We start the week off at a warm, beautiful place before a long drive to get to the Monarch Butterfly Sanctuary in a tiny town called Jocotepec off of Mexico’s largest lake Chapala. We had another 7 days or so before the Monarch Butterflies were to leave and fly off to another land. Seeing the butterflies was one of my top 5 things that I put on my to-do list for this trip. Couldn’t wait!!!
After a seven or so hour drive we arrive to one of the more secluded and natural Butterfly Reserves just before sunset after it closes. We drove up the heavily wooded single road to camp for the night and decide to catch an early tour the next morning. It starts raining and the wind picks up immediately while we are trying to park. We quickly make dinner and jump into the van for shelter for the night. Neither one of us can sleep because we found ourselves in a extreme winter storm. We are on top of a mountain at 10,000 ft in a closed park, seemingly alone during a hail and sleet storm that is rocking the van. The temperature drops increasingly and we take shelter under the covers as fast as possible. To drown the howling winds and current conditions we binge watch some tv shows until we can fall asleep. Neither one of us can sleeps throughout the night. We decided since there would be no tour that day that we would head down the mountain for better weather conditions. We found out that the single road is blocked by at least a handful of gigantic fallen pines. The wind is howling so the road is too dangerous to stand still so we reverse about a mile back to the open parking lot. There was no cell signal so we look for an emergency phone, nothing. We check the small huts near by and find nothing. Eventually we see a small native woman in a garbage bag roaming around and we scream for help. She speaks no English and her dialect of Spanish made it nearly impossible to understand. She takes us into her hut for some fire, coffee and tortillas. We were cold and frozen so anything sounded like a dream at that point. She lives at the butterfly sanctuary by the support of the government along with 40 other locals who sold either trinkets or tacos to the visitors.
With our broken Spanish and her mountain dialect we tried asking if help was coming to clear the road, she said yes or tomorrow. She gestured that she had made a call for support. Our cell phone was not getting a signal, I was so stressed. However I enjoyed sitting in front of her brick oven drying my clothes and warming my toes no matter if we could communicate or not. We met several of the others who lived in the Butterfly commune, everyone seemed to be checking on each other. The gringos were throwing them off though. I would tell them that they needed to speak slower and instead they would scream faster in my ear as if that would help me understand their Spanish. Meanwhile huge pine trees were crashing to the ground too close for comfort. I couldn’t take anymore of the screaming so I told Christian I’d rather sit in the van for the night. Our kitchen is outside and in the rear of the van so in wind, rain or a winter-storm it does us no good. We chew on some bread and cheese for dinner for the night and split a beer. The inside of the van reached at least 28 degrees while we were awake so we cuddled as much as possible to stay warm. We shiver throughout the night as temperature continues to drop, I wake up and start crying “What the fuck are we going to do?!” It’s a saying that came up at least 20 times between the two of us.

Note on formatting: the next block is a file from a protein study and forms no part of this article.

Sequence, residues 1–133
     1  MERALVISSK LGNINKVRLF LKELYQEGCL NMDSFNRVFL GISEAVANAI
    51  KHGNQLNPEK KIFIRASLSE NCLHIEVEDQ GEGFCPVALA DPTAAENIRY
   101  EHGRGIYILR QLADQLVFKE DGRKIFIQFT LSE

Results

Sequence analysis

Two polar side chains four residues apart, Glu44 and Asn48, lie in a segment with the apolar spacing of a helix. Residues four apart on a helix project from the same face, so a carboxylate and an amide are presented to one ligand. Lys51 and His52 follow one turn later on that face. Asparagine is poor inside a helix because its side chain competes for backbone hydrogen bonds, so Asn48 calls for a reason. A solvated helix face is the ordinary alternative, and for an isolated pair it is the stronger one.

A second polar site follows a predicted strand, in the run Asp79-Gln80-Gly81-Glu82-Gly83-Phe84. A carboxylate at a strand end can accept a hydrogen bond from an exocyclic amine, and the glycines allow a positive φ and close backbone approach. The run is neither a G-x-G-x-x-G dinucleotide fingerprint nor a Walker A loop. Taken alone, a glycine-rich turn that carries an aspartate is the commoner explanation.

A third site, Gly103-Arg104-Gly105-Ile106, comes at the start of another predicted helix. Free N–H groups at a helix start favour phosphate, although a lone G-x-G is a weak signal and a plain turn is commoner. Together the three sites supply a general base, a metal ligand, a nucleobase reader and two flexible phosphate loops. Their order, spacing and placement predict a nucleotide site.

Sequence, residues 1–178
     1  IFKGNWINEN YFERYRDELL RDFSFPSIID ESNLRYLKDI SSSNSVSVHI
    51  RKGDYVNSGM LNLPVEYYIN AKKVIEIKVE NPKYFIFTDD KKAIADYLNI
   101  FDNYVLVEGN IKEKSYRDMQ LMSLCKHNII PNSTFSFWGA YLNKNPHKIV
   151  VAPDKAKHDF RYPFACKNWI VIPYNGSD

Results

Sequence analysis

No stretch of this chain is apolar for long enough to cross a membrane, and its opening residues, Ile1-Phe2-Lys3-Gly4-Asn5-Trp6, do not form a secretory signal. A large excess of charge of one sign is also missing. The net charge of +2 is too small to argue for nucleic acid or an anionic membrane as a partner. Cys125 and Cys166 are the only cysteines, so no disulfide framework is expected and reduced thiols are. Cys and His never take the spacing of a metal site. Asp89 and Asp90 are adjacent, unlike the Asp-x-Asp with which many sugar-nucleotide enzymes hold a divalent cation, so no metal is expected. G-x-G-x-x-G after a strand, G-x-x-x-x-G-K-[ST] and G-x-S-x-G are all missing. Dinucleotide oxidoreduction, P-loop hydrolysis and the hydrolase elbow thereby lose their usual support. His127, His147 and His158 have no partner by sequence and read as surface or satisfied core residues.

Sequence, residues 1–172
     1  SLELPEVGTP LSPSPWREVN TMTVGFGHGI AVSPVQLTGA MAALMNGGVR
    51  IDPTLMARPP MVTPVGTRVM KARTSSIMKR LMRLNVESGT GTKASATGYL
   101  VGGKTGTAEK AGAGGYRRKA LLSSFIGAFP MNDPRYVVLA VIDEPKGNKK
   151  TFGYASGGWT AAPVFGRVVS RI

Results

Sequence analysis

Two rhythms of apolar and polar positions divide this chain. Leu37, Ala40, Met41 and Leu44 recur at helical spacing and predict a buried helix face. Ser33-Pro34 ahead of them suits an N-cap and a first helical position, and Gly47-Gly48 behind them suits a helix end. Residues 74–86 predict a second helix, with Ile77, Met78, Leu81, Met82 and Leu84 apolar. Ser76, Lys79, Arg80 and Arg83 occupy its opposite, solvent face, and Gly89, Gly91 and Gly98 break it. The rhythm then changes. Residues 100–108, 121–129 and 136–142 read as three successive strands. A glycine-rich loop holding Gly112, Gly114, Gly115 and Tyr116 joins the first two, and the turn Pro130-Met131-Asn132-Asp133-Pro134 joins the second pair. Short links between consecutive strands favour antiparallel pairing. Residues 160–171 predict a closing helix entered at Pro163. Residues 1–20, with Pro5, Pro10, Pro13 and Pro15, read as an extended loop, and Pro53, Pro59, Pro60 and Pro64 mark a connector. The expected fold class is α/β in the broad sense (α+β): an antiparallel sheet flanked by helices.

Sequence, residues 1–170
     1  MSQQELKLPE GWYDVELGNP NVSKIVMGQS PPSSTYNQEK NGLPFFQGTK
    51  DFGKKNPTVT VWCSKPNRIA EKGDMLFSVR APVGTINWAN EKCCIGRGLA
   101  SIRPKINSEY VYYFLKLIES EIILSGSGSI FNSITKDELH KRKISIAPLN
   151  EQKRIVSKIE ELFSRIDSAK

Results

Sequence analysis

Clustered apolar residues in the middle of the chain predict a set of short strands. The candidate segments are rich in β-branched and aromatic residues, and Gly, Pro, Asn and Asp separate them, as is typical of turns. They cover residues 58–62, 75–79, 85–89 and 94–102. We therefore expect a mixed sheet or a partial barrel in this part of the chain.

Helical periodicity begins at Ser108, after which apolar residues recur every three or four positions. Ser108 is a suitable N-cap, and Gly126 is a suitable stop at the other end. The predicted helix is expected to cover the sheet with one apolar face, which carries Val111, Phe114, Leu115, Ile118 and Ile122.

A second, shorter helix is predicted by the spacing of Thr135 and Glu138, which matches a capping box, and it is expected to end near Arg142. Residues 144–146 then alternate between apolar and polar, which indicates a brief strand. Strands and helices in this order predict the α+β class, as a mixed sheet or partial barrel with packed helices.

After a very long and cold forty-eight hours a pick-up truck pulls up to our van with fifteen people in it. We start screaming in joy, “the road is clear! thank god!” Diego tells us “We leave in about twenty mins, follow my tracks down. Do you want something to eat?” He tells us that in a town a few hours down the mountain he heard two people were trapped up at the top and freezing in their car. In a pick up truck full of people they brought up a chainsaw and clear the road, hours later we happily meet them. Diego and his girlfriend Ame take us to their hometown where we get a warm hotel, shower, food and a beer. “Now that we are safe, I’d still like to see the butterflies tomorrow!” Our new friends tell us “I’m sorry they died in the storm.” I can’t give up that easy, I just sat in a three day storm scared as hell, freezing my limbs off just to see the butterflies. And that’s it.
Needing of mention:Snow has not hit this part of Mexico in at least 12 years. The luck we have is immeasurable, after all those days not one butterfly.